ARVD/Cardiomyopathy: Interview with Expert Hugh Calkins, MD

ARVDC Management and Diagnosis
ARVDC Management and Diagnosis
While ARVD/C management has greatly improved, more precautions—particularly in genetic testing and exercise—need to be taken.

Arrhythmogenic right ventricular dysplasia/cardiomyopathy (ARVD/C) is a rare inherited cardiomyopathy with an estimated prevalence of 1 per 5000 individuals.1 ARVD/C accounts for 11% to 22% of cases of sudden cardiac death (SCD) among young individuals under the age of 35 years.2

ARVD/C typically presents in the second to fifth decades of life, in individuals who are highly athletic. Patients present typically with symptoms associated with ventricular arrhythmias (eg, syncope, palpitations, lightheadedness, and sudden death).2

To shed light on this complex condition, Cardiology Advisor interviewed Hugh Calkins, MD. Dr Calkins is the Nicholas J. Fortuin MD professor of cardiology and professor of medicine, director of the Cardiac Arrhythmia Services and director at the Johns Hopkins ARVD/C Program. He is a coauthor of the International Task Force Consensus Statement on the treatment of ARVD/C.3 Dr Calkins has published more than 50 manuscripts on ARVD/C and directs the largest comprehensive ARVD/C program in the world.

What exactly is ARVD/C?

ARVD/C is rare inherited cardiomyopathy characterized by replacement of the cardiac myocytes with fibrofatty tissue.2 This predisposes patients to ventricular arrhythmias, right ventricular failure, and increased risk of sudden cardiac death (SCD). While ARVD/C primarily affects the right ventricle (RV), it is now understood that involvement of the left ventricle (LV) may also occur. Whether the LV or RV is involved depends to a large degree on the particular genetic mutation associated with the disease.2

How did you become involved in researching and treating this condition?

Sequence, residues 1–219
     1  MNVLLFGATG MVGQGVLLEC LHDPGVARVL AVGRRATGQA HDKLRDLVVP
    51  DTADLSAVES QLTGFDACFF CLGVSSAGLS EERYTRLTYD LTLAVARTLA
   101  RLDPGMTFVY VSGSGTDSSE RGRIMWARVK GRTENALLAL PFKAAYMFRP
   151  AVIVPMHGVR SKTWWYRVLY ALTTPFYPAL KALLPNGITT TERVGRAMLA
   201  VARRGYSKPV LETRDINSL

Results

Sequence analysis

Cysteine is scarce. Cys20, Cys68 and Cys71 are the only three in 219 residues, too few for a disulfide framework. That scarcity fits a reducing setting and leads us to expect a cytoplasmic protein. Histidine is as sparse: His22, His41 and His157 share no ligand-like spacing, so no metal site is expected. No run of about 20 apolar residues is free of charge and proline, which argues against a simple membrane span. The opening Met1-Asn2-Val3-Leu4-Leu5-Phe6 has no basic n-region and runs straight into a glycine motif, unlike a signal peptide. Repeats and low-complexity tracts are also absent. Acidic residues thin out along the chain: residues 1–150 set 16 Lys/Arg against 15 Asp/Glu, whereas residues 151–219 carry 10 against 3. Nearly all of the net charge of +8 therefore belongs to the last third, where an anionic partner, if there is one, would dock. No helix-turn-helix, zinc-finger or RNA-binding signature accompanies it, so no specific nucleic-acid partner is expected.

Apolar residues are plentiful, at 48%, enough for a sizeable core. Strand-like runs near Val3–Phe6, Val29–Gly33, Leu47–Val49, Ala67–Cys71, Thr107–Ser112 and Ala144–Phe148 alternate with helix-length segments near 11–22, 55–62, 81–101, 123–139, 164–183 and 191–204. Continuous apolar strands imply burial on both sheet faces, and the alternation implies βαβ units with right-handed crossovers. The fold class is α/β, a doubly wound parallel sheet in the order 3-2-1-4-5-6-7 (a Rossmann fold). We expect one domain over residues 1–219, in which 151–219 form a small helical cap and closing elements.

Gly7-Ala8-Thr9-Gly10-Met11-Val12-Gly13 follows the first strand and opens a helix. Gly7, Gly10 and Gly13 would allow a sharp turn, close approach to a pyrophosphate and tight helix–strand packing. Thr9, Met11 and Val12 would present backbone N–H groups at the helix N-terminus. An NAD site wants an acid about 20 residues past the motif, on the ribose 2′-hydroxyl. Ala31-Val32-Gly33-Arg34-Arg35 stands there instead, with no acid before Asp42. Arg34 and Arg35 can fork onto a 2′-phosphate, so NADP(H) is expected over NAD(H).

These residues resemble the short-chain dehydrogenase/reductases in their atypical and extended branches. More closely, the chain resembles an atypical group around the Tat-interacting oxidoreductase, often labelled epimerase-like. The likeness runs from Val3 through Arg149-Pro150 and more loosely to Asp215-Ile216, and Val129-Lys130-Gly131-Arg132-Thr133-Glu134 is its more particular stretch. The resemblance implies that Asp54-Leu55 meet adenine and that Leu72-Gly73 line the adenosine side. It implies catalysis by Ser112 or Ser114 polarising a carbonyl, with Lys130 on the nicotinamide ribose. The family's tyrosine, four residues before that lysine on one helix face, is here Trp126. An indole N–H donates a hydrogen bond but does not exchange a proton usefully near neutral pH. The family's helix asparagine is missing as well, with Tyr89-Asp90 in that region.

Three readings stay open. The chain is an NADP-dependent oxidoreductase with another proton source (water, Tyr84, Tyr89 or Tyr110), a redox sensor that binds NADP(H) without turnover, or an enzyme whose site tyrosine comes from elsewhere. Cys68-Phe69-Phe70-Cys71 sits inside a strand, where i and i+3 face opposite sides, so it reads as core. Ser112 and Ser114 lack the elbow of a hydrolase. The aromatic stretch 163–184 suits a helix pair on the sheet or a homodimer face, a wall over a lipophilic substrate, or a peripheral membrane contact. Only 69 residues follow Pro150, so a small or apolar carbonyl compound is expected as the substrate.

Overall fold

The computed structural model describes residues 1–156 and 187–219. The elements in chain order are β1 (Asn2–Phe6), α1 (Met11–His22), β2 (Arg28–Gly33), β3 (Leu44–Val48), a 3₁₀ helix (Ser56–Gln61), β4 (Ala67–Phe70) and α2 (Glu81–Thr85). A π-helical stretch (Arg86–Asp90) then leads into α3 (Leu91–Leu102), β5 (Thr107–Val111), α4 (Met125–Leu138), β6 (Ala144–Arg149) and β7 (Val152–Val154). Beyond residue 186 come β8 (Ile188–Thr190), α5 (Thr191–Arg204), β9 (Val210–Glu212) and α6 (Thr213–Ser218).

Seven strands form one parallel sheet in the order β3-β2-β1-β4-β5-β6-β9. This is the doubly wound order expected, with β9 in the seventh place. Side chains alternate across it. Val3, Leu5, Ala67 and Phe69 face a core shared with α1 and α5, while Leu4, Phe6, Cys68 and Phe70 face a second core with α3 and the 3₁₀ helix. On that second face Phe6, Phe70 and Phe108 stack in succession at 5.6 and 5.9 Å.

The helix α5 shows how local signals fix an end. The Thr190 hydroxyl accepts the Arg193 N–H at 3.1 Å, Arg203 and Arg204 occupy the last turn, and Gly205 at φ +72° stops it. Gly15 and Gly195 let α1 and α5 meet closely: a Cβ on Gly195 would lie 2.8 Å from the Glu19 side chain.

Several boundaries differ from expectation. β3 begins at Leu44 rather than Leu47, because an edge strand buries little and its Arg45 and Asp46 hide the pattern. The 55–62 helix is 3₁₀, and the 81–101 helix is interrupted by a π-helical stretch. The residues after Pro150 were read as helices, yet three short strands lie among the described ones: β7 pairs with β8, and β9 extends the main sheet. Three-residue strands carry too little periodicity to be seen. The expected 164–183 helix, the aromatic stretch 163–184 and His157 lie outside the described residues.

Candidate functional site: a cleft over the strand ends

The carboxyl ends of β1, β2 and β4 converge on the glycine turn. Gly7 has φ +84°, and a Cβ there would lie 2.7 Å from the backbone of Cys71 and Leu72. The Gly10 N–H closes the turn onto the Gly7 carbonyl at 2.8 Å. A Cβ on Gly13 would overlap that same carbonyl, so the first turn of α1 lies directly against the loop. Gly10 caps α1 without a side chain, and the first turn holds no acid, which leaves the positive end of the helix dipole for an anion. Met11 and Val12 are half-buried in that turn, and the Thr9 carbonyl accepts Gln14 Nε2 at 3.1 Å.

The first major description of ARVD/C was published in 1982 as a case report of 24 patients with unusual RV cardiomyopathy.4 My involvement began 17 years ago, when I recommended an implantable cardioverter defibrillator (ICD) to a patient with ARVD/C who was at risk of SCD. She decided to postpone implantation and died before the procedure could be done. Her younger brother, who also had early evidence of the disease, suggested starting a program focusing specifically on ARVD. Responding to this tragic case, we started the Johns Hopkins ARVD/C Program to further the scientific understanding of ARVD/C, educate the medical and patient communities, and serve as a referral center. Since then, there have been tremendous advances in understanding and treating this condition.

Is ARVD/C a genetic condition?

Definitely. The inheritance pattern is typically autosomal dominant, meaning that the offspring of the genetically affected probands have a 50% risk of inheriting the abnormal gene.1 But having a gene mutation does not mean that the person will necessarily develop clinical signs of the disease.

The most common genetic mutations in the United States are desmosomal. Desmosomes are proteins that facilitate the mechanical coupling between individual cells, thereby functioning as “glue” to hold cardiac cells together. Under ordinary circumstances, desmosomal proteins are a part of the cell membrane. But in ARVD/C, the desmosomes are disrupted and some components remain intracellular. Over time, the myocardial cells become scarred and there is fibrofatty infiltration of the myocardial wall. Smooth muscle gets replaced by scarring and fat, which set off the arrhythmias.1-2

ARVD/C can also be inherited in an autosomal recessive pattern, as part of a cardiocutaneous syndrome, such as Naxos disease or Carvajal syndrome.1 However, this occurs less frequently in the United States. Some common mutations are listed in Table 1. Since mutations in desmosomal proteins can be identified in only approximately 60% of ARVD/C patients, lack of an identifiable mutation does not definitively exclude the disease.